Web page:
Social services minister slammed for ‘out-of-touch’ welfare comments
4 October 2019 at 4:02 pm
Community groups are demanding Social Services Minister Anne Ruston apologise and retract comments she made suggesting that raising Newstart would give drug dealers and pub owners more money.
Ruston made the comments at a community forum in South Australia, where single mothers explained how the low rate of Newstart was pushing them into poverty.
The minister for social services said increasing the payment was a simplistic solution to improving the lives of vulnerable people.
“We can’t just keep on adding money to this bucket, because we’re not making a difference,” Ruston said.
“Giving [people] more money would do absolutely nothing… probably all it would do is give drug dealers more money and give pubs more money.”
The Australian Council of Social Service on Thursday called for Ruston to retract the comments and apologise to Newstart recipients.
ACOSS CEO Dr Cassandra Goldie said it was unacceptable for a social services minister to show such a lack of understanding and empathy for the plight of people struggling to find work.
“The minister’s out-of-touch, inexcusable comments make it clear she needs to spend more time with people on Newstart, who are skipping meals, sleeping rough and going without the very basics in our wealthy country,” Goldie said.
“Instead of making irresponsible, stigmatising comments, the minister should focus on getting people through tough times by increasing Newstart, which 72 per cent of the community agrees is overdue.”
National Council of Single Mothers and their Children CEO Terese Edwards was at the forum, and said the minister’s comments were deplorable.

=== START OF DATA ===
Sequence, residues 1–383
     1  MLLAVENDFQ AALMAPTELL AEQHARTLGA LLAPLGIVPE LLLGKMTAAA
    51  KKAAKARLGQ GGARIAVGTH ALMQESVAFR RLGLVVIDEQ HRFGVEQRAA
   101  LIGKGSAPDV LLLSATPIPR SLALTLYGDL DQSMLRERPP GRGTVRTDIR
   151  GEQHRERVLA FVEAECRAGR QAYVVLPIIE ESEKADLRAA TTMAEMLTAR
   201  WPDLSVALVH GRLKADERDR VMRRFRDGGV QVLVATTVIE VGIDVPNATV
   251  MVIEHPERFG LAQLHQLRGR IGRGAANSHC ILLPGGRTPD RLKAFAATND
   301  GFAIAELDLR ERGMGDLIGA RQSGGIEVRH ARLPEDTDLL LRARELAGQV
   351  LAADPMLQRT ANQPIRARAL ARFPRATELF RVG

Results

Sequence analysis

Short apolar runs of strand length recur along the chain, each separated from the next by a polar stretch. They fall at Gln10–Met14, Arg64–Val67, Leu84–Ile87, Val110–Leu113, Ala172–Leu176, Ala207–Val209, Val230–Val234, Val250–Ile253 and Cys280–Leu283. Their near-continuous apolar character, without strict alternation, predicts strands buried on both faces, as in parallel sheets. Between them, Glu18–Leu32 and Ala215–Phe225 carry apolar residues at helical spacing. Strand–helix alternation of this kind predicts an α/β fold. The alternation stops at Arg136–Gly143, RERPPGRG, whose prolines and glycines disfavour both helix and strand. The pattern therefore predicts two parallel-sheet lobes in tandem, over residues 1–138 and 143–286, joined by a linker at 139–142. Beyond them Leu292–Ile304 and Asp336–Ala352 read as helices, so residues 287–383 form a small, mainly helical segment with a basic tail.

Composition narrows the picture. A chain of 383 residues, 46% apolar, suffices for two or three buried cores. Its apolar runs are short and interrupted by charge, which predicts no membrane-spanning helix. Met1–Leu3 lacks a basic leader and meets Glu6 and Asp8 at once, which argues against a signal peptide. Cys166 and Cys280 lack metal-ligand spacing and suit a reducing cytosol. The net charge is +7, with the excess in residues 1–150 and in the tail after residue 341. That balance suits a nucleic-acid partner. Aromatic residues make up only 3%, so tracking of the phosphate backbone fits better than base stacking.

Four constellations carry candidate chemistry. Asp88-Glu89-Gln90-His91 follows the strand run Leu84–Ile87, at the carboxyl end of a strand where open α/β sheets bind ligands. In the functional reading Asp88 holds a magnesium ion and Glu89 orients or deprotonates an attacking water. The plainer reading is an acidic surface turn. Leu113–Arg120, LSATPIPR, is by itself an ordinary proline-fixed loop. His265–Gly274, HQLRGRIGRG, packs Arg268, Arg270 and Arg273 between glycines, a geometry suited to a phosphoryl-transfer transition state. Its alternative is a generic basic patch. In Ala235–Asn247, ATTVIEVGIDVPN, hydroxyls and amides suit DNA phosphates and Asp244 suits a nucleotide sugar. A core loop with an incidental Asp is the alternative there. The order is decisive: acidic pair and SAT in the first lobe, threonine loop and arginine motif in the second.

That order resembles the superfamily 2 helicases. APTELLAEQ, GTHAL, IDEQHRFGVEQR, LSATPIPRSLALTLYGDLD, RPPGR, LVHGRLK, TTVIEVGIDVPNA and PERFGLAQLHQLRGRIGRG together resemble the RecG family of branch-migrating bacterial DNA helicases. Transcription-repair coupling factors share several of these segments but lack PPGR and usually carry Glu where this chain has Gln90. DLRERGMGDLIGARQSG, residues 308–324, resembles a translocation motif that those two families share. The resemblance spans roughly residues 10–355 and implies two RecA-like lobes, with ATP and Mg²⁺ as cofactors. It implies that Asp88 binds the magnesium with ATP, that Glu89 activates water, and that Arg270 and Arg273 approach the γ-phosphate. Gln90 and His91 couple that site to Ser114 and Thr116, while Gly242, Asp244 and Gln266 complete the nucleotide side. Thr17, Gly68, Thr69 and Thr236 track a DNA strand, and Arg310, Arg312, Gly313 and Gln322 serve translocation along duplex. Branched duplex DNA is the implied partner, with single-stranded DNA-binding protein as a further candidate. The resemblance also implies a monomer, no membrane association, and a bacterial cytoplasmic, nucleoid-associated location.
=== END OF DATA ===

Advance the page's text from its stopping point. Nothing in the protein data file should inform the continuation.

She said she asked Ruston to broker a meeting between the prime minister and Newstart recipients about the urgent need for a real increase to the payment after 25 years.
“People on Newstart, including 100,000 single parents trying to raise kids on next to nothing, should not have to put up with this sort of stigma while they’re doing everything they can to find paid work and make ends meet,” Edwards said.
Following the backlash, Ruston attempted to clarify her comments on Sky News.
She said reporting of her comments had been “misleading”.
“[I] made the comment that if somebody had an alcohol addiction, then giving them extra money on Newstart was more likely to result in that money being spent at a hotel,” she said.
“We need to come up with more inventive and innovative ways to deal with the barriers… that is what the government is absolutely focused on doing.”
Ruston isn’t the only government minister to come under fire for comments made about welfare.
Home Affairs Minister Peter Dutton also faced criticism for saying protesters disrupting traffic should have their payments cut and face mandatory jail sentences.
This call was backed by Employment Minister Michaelia Cash, who told The Australian “those who refuse to look for a job because they are too busy protesting may find they have their payments suspended”.
Minister Ruston’s office declined to comment when contacted by Pro Bono News.